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|U.S. Classification||215/232, 220/258.2|
|International Classification||B65D77/20, B65D51/20|
|Cooperative Classification||B65D2251/0015, B65D51/20, B65D2251/0093, B65D2577/205|
|Aug 17, 1989||AS||Assignment|
Owner name: SELIG SEALING PRODUCTS, INC., ILLINOIS
Free format text: ASSIGNMENT OF ASSIGNORS INTEREST.;ASSIGNOR:GILES, JOSEPH M.;REEL/FRAME:005116/0187
Effective date: 19890810
|Jul 3, 1990||AS||Assignment|
Owner name: SELIG SEALING PRODUCTS, INC., 342 E. WABASH, P.O.
Free format text: ASSIGNMENT OF ASSIGNORS INTEREST.;ASSIGNORS:BRUCKER, STEVEN;GILES, JOSEPH M.;REEL/FRAME:005390/0544
Effective date: 19900629
|Mar 7, 1994||FPAY||Fee payment|
Year of fee payment: 4
|Nov 12, 1997||FPAY||Fee payment|
Year of fee payment: 8
|Mar 20, 2002||FPAY||Fee payment|
Year of fee payment: 12
|Jun 24, 2002||AS||Assignment|
Owner name: KEY CORPORATE CAPITAL, INC., OHIO
Free format text: SECURITY INTEREST;ASSIGNOR:SELIG SEALING PRODUCTS, INC.;REEL/FRAME:013029/0614
Effective date: 20020613
|May 12, 2005||AS||Assignment|
Owner name: SELIG SEALING PRODUCTS, INC., ILLINOIS
Free format text: RELEASE OF SECURITY INTEREST;ASSIGNOR:KEY CORPORATE CAPITAL INC., AS AGENT;REEL/FRAME:016216/0027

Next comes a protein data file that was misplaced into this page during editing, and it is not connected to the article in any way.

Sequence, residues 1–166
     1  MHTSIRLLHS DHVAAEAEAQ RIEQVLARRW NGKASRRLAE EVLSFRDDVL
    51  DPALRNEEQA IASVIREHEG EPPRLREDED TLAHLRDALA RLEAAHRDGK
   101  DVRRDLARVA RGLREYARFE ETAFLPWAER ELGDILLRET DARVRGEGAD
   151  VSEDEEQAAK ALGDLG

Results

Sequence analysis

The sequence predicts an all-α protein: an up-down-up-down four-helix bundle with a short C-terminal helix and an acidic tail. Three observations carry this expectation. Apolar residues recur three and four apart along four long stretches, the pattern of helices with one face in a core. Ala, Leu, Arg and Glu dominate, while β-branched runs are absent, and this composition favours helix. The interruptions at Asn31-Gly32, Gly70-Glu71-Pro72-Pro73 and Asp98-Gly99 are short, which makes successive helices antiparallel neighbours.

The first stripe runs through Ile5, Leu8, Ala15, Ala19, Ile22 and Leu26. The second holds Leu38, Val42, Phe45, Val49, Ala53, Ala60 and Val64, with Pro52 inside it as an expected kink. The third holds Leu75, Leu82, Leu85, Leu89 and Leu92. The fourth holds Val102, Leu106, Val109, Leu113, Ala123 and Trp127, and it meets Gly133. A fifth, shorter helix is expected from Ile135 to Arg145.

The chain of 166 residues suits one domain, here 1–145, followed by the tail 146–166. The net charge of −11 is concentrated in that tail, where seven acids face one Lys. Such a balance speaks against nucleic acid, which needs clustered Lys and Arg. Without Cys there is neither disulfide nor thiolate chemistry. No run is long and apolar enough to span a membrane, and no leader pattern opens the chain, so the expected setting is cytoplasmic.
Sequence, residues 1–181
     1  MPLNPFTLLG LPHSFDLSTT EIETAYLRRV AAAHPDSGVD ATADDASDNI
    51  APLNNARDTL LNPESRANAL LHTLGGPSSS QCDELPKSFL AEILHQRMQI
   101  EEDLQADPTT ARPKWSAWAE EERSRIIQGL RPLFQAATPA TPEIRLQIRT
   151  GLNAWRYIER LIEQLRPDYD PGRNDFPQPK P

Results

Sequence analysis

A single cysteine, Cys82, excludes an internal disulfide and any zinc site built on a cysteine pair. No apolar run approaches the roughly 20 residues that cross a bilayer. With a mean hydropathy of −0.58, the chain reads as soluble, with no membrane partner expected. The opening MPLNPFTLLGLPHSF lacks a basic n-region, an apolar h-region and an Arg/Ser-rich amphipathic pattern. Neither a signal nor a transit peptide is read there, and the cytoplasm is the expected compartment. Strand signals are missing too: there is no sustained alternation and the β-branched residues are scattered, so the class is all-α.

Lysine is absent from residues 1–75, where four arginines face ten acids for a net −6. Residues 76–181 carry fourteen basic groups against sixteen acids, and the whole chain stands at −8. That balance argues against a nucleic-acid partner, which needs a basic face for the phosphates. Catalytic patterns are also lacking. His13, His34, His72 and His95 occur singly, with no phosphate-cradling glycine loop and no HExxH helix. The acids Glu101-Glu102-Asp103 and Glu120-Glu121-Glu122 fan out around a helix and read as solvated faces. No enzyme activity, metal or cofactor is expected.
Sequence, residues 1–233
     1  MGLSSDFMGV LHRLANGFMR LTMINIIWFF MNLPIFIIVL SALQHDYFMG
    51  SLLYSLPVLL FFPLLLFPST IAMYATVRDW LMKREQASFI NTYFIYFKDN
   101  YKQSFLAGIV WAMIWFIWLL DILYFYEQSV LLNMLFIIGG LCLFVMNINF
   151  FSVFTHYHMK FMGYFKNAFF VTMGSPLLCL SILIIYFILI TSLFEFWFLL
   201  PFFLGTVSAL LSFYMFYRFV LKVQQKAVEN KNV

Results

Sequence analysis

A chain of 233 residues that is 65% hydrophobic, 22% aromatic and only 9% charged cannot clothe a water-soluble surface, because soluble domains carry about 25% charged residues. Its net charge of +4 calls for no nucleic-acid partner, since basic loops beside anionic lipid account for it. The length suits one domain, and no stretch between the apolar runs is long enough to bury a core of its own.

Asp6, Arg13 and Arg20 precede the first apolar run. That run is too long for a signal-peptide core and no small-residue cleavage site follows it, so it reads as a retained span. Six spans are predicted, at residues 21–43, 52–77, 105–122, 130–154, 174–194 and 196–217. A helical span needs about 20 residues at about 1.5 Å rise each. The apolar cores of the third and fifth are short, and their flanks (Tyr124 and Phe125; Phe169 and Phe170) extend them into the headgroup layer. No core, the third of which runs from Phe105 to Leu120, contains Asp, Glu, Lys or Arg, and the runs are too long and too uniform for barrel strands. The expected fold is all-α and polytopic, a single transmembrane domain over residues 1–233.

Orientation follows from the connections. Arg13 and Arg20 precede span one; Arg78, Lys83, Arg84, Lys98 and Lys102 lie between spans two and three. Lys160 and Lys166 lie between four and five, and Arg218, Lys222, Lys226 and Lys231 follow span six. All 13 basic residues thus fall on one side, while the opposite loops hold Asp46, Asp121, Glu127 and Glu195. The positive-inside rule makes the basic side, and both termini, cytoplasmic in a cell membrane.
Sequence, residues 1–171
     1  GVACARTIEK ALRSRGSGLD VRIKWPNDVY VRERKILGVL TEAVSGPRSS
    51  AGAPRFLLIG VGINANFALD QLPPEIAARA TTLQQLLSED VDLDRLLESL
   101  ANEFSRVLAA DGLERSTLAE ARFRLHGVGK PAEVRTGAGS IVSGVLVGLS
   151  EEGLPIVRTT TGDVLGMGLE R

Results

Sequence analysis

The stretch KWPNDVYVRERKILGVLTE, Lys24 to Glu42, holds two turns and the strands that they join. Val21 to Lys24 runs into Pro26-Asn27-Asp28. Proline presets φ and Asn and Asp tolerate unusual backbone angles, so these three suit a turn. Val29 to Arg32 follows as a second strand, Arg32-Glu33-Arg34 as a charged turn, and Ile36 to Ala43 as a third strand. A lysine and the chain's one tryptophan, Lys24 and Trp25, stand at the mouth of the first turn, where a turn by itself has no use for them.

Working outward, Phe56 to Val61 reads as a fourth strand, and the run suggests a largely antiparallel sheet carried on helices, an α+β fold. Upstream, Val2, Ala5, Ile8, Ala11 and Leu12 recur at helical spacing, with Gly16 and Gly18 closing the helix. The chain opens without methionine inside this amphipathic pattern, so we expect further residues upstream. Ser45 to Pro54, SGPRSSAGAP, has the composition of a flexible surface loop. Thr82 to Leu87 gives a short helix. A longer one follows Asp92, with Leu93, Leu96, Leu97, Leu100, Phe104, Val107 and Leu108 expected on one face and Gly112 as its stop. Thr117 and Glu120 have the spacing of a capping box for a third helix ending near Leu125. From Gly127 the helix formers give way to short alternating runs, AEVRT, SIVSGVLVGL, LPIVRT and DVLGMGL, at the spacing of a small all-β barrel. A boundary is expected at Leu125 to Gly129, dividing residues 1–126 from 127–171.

Effective date: 20050428
|May 18, 2005||AS||Assignment|
Owner name: MADISON CAPITAL FUNDING LLC, AS AGENT, ILLINOIS
Free format text: SECURITY AGREEMENT;ASSIGNOR:SELIG SEALING PRODUCTS, INC.;REEL/FRAME:016245/0365
Effective date: 20050428
|May 20, 2005||AS||Assignment|
Owner name: AMERICAN CAPITAL FINANCIAL SERVICES, INC. AS AGENT
Free format text: SECURITY AGREEMENT;ASSIGNORS:SELIG SEALING HOLDINGS, INC.;SELIG INTERMEDIATE HOLDINGS, INC.;SELIG SEALING PRODUCTS, INC.;REEL/FRAME:016038/0473
Effective date: 20050428
|Jun 29, 2006||AS||Assignment|
Owner name: SELIG SEALING PRODUCTS, INC., ILLINOIS
Free format text: TERMINATION OF SECURITY INTEREST;ASSIGNOR:AMERICAN CAPITAL FINANCIAL SERVICES, INC.;REEL/FRAME:017870/0442
Effective date: 20060531
|Aug 4, 2008||AS||Assignment|
Owner name: SELIG SEALING PRODUCTS, INC., ILLINOIS
Free format text: RELEASE BY SECURED PARTY;ASSIGNOR:MADISON CAPITAL FUNDING LLC, AS AGENT;REEL/FRAME:021328/0588
Effective date: 20080801
|Aug 22, 2008||AS||Assignment|
Owner name: GENERAL ELECTRIC CAPITAL CORPORATION, AS US AGENT,
Free format text: SECURITY AGREEMENT;ASSIGNOR:SELIG SEALING PRODUCTS, INC.;REEL/FRAME:021428/0634
Effective date: 20080801
|Jul 12, 2012||AS||Assignment|
Owner name: SELIG SEALING PRODUCTS, INC., ILLINOIS
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Effective date: 20120711